HELSINKI (Reuters) - It was far from the perfect performance they are known for but a slip by Scott Moir could not prevent him and Tessa Virtue from winning a third ice dance title at the world figure skating championships on Saturday.
The 2010 Olympic champions, who had taken a two-year hiatus after settling for silver at the 2014 Sochi Games, had been expected to cap their comeback season with a flourish having earned world record scores in their short dance just 24 hours earlier.
Instead they had to rely on the 5.54 point lead they had taken into the free dance to hold off twice-world champions and French training partners Gabriella Papadakis and Guillaume Cizeron after Moir inexplicably lurched forward having tripped up on their circular step sequence.
The Canadians won the title with a total of 198.62 despite being beaten in the free dance by almost three points by Papadakis and Cizeron.
The result capped a memorable comeback season for the Canadians as they have won every one of the seven events they entered.
“To come away with the title is a huge accomplishment ... although it’s not the way we thought we would win,” Virtue told reporters.
“We’ve never had a ‘perfect season’ before ... so we try not to get carried away with that.”
After such a glaring mistake, Moir was left rather bashful that they had won the gold, that too with a total that had eclipsed their previous all-time best.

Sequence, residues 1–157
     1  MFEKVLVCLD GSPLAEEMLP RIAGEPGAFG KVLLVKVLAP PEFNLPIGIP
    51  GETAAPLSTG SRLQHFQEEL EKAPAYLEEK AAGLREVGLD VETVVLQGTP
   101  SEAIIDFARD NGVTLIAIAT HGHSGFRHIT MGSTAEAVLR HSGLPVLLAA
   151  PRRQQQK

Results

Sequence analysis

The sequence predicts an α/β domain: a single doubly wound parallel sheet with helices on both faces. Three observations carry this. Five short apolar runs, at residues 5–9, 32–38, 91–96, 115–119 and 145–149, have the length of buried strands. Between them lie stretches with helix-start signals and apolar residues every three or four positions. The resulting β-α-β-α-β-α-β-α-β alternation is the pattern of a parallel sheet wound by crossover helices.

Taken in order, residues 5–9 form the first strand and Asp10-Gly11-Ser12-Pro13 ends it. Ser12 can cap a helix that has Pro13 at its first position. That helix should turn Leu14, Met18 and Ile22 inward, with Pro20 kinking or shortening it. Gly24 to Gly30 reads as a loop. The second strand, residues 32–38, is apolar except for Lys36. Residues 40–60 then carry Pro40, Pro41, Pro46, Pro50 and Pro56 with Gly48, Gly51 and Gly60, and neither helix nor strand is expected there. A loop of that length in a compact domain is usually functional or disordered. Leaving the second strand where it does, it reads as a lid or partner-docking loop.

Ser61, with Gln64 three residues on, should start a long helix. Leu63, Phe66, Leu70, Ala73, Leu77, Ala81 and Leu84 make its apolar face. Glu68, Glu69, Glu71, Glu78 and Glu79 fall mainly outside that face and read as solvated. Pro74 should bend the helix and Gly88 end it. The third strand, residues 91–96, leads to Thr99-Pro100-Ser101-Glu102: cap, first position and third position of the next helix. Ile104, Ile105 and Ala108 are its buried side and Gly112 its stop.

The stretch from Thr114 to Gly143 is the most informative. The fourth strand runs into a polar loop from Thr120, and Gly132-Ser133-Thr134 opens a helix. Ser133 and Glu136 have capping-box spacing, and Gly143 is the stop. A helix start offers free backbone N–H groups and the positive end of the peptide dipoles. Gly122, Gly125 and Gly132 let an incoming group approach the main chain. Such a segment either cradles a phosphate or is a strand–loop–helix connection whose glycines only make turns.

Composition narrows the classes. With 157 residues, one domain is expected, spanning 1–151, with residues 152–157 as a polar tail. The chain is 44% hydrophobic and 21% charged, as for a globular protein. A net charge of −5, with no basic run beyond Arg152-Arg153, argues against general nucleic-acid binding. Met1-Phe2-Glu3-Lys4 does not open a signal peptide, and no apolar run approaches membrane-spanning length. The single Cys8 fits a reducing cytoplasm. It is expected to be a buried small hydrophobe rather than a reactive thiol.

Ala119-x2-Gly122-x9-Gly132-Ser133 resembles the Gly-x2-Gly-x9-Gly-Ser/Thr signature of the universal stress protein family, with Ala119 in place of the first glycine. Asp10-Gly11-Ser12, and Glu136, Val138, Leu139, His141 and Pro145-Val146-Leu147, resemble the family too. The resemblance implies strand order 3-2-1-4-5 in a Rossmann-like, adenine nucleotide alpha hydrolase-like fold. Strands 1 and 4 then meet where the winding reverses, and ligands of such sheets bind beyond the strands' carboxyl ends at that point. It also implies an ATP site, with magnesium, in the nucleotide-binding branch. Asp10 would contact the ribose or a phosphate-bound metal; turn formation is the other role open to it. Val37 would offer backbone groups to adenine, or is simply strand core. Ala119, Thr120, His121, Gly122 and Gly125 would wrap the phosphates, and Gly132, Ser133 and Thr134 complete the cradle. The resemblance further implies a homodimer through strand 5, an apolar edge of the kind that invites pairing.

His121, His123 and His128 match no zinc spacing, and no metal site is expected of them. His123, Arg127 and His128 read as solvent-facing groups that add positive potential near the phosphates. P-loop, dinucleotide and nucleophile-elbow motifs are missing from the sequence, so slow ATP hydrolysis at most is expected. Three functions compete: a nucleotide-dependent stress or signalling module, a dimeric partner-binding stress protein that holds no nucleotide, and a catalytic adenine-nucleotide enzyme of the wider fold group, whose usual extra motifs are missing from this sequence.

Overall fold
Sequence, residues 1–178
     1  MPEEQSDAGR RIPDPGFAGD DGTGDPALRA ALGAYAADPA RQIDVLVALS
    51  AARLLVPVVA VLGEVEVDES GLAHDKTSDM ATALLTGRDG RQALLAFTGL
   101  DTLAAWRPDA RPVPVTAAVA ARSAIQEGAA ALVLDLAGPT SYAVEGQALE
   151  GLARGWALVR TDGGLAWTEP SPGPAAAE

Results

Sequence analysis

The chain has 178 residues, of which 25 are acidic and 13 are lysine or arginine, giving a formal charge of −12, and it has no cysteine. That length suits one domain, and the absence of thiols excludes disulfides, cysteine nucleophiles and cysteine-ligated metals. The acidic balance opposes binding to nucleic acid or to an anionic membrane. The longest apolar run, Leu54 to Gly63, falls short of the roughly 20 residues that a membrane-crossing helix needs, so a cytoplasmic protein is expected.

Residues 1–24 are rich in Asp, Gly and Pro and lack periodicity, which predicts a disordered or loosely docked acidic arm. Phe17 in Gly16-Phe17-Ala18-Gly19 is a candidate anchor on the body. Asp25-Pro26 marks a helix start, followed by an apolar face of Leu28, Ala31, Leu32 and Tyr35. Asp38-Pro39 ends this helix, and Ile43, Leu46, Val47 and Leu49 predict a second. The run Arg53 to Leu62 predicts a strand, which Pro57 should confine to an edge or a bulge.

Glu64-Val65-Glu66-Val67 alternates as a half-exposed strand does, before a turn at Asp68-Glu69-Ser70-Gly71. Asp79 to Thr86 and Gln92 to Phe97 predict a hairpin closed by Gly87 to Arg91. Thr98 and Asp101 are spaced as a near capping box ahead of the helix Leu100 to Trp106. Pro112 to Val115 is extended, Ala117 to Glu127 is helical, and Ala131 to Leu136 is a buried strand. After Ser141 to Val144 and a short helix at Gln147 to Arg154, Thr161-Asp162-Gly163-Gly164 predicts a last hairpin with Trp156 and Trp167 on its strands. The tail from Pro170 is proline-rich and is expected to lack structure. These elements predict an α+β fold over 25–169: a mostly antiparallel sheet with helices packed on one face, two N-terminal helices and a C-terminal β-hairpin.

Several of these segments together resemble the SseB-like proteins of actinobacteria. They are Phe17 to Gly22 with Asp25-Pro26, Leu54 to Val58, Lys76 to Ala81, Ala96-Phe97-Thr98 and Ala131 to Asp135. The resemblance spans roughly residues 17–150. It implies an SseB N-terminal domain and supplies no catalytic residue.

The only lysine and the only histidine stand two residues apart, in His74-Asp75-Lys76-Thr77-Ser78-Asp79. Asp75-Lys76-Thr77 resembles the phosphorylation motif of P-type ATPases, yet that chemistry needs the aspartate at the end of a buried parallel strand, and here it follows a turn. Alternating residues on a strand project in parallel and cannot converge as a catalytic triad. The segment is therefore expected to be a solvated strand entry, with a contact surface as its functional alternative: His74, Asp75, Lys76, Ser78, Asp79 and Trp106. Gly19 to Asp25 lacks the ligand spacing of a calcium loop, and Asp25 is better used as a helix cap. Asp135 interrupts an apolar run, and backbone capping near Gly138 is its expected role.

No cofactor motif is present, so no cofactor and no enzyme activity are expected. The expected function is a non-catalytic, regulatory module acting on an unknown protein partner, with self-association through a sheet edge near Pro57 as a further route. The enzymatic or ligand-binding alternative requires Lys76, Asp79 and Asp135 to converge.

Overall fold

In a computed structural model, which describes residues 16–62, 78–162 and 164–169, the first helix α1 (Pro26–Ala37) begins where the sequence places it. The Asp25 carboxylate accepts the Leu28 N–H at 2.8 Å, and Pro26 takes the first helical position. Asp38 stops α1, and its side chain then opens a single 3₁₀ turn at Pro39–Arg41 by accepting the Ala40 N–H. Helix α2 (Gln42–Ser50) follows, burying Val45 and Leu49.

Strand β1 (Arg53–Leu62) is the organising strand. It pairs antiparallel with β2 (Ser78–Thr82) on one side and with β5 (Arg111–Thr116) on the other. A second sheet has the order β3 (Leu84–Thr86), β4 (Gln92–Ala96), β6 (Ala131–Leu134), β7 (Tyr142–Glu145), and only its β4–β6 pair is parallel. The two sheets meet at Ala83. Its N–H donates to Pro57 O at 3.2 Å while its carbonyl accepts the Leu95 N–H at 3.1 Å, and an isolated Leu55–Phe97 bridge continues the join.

With no jumps or throws performed in ice dance, it is a rare sight to see competitors slip up in the discipline.
On Saturday, however, Moir was not the only skater mouthing “sorry” to his partner.
A shellshocked Zachary Donahue closed his eyes in disbelief after he lost his footing and fell over during a side-by-side twizzle sequence with Madison Hubbell.
Unfortunately for the Americans, who had been lying third after the short dance, it proved to be a costly error as it lost them the bronze medal. In fact, it dropped them to ninth.
“I was surprised the moment I felt myself going down... it came out of nowhere. It was devastating,” said Donahue.
Donahue and Hubbell’s misfortune allowed last year’s silver medallists, American brother-and-sister act Maia and Alex Shibutani, to finish third.
Papadakis and Cizeron’s emotional free dance provided them with a much-needed boost after Cizeron required two stitches on his right hand on Friday.
There had been concerns that the 22-year-old, who had suffered a cut between two fingers as he grabbed his blade during a twizzle sequence, might struggle on Saturday to pull off the four challenging lifts featured in their routine.
Their world record score of 119.15 told its own story.
“This was one of the best free dances of our career and we got our best score ever. This is a nice personal victory for us,” said Cizeron.
Reporting by Pritha Sarkar, editing by Toby Davis